An Olympian horror

The curse of JSP strikes again – the minute I branded the Olympic torch unutterably naff, more reminiscent of a 1970s wall light than a beacon of hope, it won a major award, chosen from 88 entries as Design of the Year at London's Design Museum. Apparently, the serried rows of holes piercing the torch represent the 8,000 men and women chosen to carry this monstrosity a few hundred yards on its convoluted route around Britain. Does that conceit make an iconic object, or just tick a box? I'm not a cultural philistine, having commissioned two modern houses and filled them with art. Nevertheless, I'm underwhelmed by some of the arts in the Cultural Olympiad. A bouncy castle of Stonehenge by Jeremy Deller? A giant pineapple floating on the Thames? A rooftop installation inspired by The Italian Job? We already have world-class artists such as Damien Hirst and Tracey Emin whose work will be on show this summer – so why waste millions trying to pull together 12,000 events pretending they all conform to one quango-approved Olympic theme?

Gangsters off screen

Tonight on the Crime and Investigation Network, At Home with the Noonans looks at the life of an extraordinary man. A devout Catholic, a gay gangster, a chap who sometimes tries a spot of stand-up – doesn't that sound like an entertaining watch? Domenyk Noonan - star of the show - won't be tuning in, as he's currently banged up for violating the terms of his parole, having spent 28 of his 46 years behind bars, collecting over 30 convictions. The acclaimed investigative journalist Donal MacIntyre followed Domenyk, his teenage son and motley associates around their patch in Manchester for more than 10 years after the murder of his dad Desmond, and gained an extraordinary level of trust.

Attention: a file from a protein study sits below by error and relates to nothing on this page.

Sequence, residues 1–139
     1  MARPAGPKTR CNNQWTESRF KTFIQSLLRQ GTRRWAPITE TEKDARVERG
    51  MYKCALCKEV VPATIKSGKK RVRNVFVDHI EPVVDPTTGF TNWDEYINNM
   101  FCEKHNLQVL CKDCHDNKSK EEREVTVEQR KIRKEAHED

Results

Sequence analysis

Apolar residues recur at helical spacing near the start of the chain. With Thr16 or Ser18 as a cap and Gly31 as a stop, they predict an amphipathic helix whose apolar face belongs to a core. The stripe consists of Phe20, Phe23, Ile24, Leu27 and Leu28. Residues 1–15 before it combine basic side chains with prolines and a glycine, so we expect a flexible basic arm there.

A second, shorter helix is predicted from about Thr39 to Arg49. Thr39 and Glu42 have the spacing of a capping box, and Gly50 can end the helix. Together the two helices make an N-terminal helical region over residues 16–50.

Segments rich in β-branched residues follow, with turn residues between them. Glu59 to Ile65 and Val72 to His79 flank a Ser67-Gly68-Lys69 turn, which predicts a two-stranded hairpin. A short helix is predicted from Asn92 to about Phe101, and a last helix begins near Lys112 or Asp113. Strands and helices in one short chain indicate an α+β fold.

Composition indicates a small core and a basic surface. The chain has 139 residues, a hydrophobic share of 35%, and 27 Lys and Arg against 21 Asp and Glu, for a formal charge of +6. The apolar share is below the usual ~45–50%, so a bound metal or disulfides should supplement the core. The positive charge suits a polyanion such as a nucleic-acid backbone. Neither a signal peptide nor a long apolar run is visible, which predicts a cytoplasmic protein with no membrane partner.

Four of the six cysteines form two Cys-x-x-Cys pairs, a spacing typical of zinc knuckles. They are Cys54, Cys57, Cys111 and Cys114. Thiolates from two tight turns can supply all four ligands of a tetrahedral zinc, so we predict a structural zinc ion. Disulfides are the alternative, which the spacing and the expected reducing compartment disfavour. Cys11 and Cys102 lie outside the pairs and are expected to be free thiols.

Donal tells me that after last summer's riots it's essential we understand the mindset of people who live like this. I worry that putting the Noonans on screen (Donal won several awards for his feature film A Very British Gangster) in a non-judgemental way turns them into folk heroes and introduces them to a wider audience of impressionable young men. The Noonans are big fish in a small pond, but giving them a TV series elevates their status. We have enough problems with kids copying US gangs, without home-grown versions as well.

All Trumped up

I never thought I'd agree with Donald Trump, but we share a loathing of wind farms. The man with the world's most complex comb-over is furious that Alex Salmond's government has given the go-ahead for an offshore wind farm which would be visible from the new world-class golf course he's just built on pristine dunes near Aberdeen. Trump addressed the Scottish Energy and Tourism Committee in full rant mode, describing Mr Salmond as Mad Alex and telling anyone who would listen, "I am the world expert on tourism" (well worth a listen on YouTube). I doubt the ramblers, the local farmer who refused to move and the environmentalists who campaigned against his horrible golf course would concur.

Literacy before history, please

An academic think tank says kids are growing up without any understanding of the past because whole periods of British and European history aren't taught in most schools these days. They list 37 key dates every child should know, from the Treaty of Versailles in 1919 to the peasants' revolt in 1381. Utter bilge – I only ever studied 15th- to 17th-century history at O- and A-level, and it's never been a problem. Let's get kids literate, for starters.